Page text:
In the future, if you need a new smartphone case, you might not have to drive to the store and purchase one that comes wrapped in even more plastic. If you have a 3-D printer, you can purchase an entire spool of plastic filament for about $30 that could make 100 smartphone cases.
The printers usually use two different types of plastic: ABS or PLA. Each type of plastic has its advantages for printing, but there are disadvantages as well. Not only does melting plastic smell terrible, but there is also the potential toxicity of airborne, ultrafine printing particles. And then there’s the issue of what to do with failed products. What if the first smartphone case doesn’t quite fit the phone, or the second case has edges that are too sharp?
While 3-D printing has the potential to lower the energy costs of manufacturing, it also raises questions of sustainability if the plastics cannot be biodegradable or at least easily recycled. Eventually, we could all just become our own small-scale, inefficient factories. But some 3-D printing companies are already working to ensure that is not the case.
Type A Machines, a 3-D printer manufacturer, has sold about 300 of its products, which cost $1,695 a piece. The company only sells PLA filament, which is cornstarch-based, because “ABS is not exactly a sustainable plastic,” said Andrew Rutter, founder and CTO of Type A Machines.
“ABS is a concern because it contains known carcinogens,” he said. “And anyone who’s used a desktop printer is aware that ABS, if nothing else, smells quite unpleasant.”
Even so, PLA requires heavy chemicals to be processed into printable form and takes a long time to break apart naturally. “At the moment, there is no good way to dispose of it,” said Johann Recordon, a project manager at swissnex San Francisco. “We find it here in California under the plastic recycling symbol 7 and it should be compostable, but I'm not sure how well it is actually disposed of once it reaches the recycling facility.”
Recycling Is the First Step
The smell of printing plastic, along with the potentially toxic particles emitted by 3-D printers, is something that Tyler McNaney, CEO and founder of the filament-extrusion machine company Filabot, hopes to resolve.
“We’re working on a solution for that,” McNaney said. “We’re building filters that people can 3-D print that will filter the air.”
McNaney’s 3-D printer air filter is one of his most recent ideas, but Filabot’s first product attempts to tackle the issue of sourcing filament. Filabot’s Wee is a filament maker that uses plastic pellets to extrude the type of plastic that a 3-D printer can use.
The Wee was just released earlier this month, and not only are the plastic pellets significantly cheaper than buying ready-to-use filament, they’re also recycled. Everything Filabot is working on is based on recycling, and it started with McNaney’s concept of reusing the plastic from failed 3-D printed prototypes. In order to do that, he needed something to turn the prototypes back into filament: a grinder.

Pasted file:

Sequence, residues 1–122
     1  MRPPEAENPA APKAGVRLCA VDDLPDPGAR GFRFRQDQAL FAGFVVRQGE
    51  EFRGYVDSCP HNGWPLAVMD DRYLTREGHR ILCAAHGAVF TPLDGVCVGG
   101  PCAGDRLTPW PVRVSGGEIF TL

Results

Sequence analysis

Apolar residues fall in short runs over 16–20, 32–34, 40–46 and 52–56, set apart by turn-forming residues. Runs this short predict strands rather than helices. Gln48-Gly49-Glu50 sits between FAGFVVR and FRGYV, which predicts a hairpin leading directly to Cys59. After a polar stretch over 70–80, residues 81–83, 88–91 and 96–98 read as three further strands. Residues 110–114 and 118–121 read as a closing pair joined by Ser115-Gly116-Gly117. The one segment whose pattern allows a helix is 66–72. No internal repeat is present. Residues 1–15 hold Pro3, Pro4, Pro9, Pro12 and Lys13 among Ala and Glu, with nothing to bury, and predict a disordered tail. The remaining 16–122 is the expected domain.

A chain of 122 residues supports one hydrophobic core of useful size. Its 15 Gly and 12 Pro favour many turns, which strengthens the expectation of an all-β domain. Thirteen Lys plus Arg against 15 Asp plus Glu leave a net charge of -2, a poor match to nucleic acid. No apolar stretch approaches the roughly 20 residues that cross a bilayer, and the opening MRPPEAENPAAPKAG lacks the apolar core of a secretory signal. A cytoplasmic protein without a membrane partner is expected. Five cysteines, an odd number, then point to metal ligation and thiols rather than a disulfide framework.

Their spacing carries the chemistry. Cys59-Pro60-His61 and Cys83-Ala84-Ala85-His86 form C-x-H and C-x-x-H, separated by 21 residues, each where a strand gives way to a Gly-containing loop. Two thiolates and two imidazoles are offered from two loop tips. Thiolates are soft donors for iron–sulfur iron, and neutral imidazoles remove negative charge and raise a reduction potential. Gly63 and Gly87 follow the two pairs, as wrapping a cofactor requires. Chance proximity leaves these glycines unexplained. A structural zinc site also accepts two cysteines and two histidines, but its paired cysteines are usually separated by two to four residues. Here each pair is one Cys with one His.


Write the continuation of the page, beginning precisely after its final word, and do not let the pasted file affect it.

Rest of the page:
“The real point of the grinder was to recycle bad prints,” he said. “But then we realized you could put plastic bottles and other stuff through it too.”
McNaney started putting all kinds of plastic through the grinder, which is not available for purchase yet. He said it could be available as early as later this year.
“We’ve been grinding up Legos to use for color,” he said, referencing the spools of colored filament for sale on the Filabot website. “Say someone places an order for red filament. We use one pound of ABS and then add about 2 percent to 5 percent of the weight with Legos to color the filament.” And yes, the Legos are used, not new.
“Once you can recycle an item and turn it into something useful, it’s not being thrown away,” he said. “We have a five-gallon bucket full of failed prints. Waste districts don’t know what to do with them. With our grinder, we can grind them up and make filament. Once we can extrude different types of plastic, we can use milk jugs, soda bottles, shopping bags.”
He said that PVC plastic and vinyl do not work in the Filabot Wee or in any type of extruder, because they emit toxic fumes when melted.
The Search for Sustainable Plastic
In May 2013, swisscleantech and StartupNectar partnered with swissnex San Francisco and held a global forum to find out the potential 3-D printing has to be environmentally friendly. Representatives from Bangalore, Shanghai and San Francisco-based companies spent six days looking at scenarios and addressing concerns such as quality, speed, durability and sustainability.
“The short answer to the material side of the question ‘Can 3-D printing go green?’ is, considering the discussions we had during the forum, not really, not right now,” swissnex’s Recordon said. “Finding a groundbreaking green printing material requires putting together some really difficult aspects.”
Ideally, a sustainable filament would be biodegradable to the degree that it could break down naturally in a matter of days. It would also need to be reusable so a smartphone case that didn’t come out quite right could be fed back into the machine and reprinted.
Until a sustainable filament is developed, recycling prints might be one of the best options for anyone looking to keep their 3-D objects out of landfills.